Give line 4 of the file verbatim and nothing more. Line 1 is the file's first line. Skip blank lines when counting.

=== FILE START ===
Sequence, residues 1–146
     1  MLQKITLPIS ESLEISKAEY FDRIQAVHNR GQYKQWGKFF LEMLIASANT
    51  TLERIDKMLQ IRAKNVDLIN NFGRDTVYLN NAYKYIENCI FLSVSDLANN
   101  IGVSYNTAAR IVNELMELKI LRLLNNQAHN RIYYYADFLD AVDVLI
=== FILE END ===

   101  IGVSYNTAAR IVNELMELKI LRLLNNQAHN RIYYYADFLD AVDVLI